Employee retention is important on so many levels.
There is a true cash cost for employee turnover. It may vary from industry to industry and position to position, but there is a true cost to the organization. Turning over an employee making $10 an hour can range between $4,000 and $7,500 with some estimate putting the cost over $10,000
The cost to replace front-line managers ranges between 25% to 50% of their annual salaries. While for mid-level managers it takes 100% to 125% and C-Suite executives over 200% of their annual salaries to find suitable replacements. Highly technical workers take approximately 400% to replace lost employees.
Companies with high employee turnover rates open themselves up to unnecessary risk when they choose to ignore high employee turnover. Each business type has its own unique risk factors. An example of a healthcare-related business would be care-related. If there was a death or serious injury, a prudent litigator would surely point to a high turnover rate affecting the care its client received.
Another example includes employee fatigue due to working excessive overtime hours. This can lead to motor vehicle accidents, accidents with manufacturing equipment, and poor decision-making.
The larger a company becomes or the more they deal with human beings, the larger of a target they become.
As employees leave high employee turnover environments, they generally give no notice. It typically leads to a no-show, no-call situation; especially in lower-paid positions. The rest of the workforce is put under even more pressure to work additional hours to make up for the open position(s).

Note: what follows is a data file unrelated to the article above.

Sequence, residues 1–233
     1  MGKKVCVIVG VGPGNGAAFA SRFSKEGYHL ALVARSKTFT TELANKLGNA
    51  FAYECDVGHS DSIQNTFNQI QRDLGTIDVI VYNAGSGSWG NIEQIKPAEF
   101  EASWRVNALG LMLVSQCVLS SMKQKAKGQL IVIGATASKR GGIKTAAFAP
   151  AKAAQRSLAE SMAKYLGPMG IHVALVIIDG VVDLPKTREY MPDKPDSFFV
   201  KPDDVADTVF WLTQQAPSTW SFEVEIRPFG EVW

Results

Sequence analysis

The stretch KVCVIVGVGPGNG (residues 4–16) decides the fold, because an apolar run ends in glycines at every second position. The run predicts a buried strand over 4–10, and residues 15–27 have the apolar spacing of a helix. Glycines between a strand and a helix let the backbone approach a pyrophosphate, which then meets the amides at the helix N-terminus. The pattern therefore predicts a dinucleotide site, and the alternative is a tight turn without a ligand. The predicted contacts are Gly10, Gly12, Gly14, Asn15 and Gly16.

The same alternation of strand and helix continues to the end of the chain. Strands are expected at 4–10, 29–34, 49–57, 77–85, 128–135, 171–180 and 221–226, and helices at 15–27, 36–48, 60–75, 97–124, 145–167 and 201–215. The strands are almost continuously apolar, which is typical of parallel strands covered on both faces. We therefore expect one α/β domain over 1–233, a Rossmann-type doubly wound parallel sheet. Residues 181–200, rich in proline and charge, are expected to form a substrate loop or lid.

In the beginning, this may be great because they are getting some overtime pay, but eventually, the circumstances fade. The results can lead to resentment from the remaining employees. This could be amplified in high turnover workplaces because generally, more than one position will open at a time.
Customers are very perceptive to who and how they interact when they make purchases. If they see a new and/or different person each time they make a purchase with your company, alarms will go off for them. This situation is exacerbated depending upon the business and how much interaction there is during the buying process. Customers want to make sure they are dealing with a stable company
Higher turnover employers tend to have less than optimal company cultures, hence the high turnover. Once morale begins to deteriorate even those with borderline to improving company cultures will see it tank.
As with customers, prospective employees are very suspicious of companies with high employee turnover. As they look through job postings they see that the same position continues to open up or there are a lot of open positions with the company. Most employees want a stable and inviting working environment and those unintimidated by high employee turnover rates may be desperate. This results in the company making bad hires and the turnover situation perpetuates itself.
Depending upon the industry and the market it operates in, there are a limited number of potential workers from whom to draw. This is exacerbated where a specialized workforce is needed, as well as in secondary and tertiary markets. Companies end up exchanging employees and recycling previous employees. This is definitely not the desired situation.
Not only does high employee turnover drive up costs but it lowers production, thereby eventually reducing revenue. Now we have a drop in revenue coupled with a rise in costs. There is no escape from affecting the bottom line.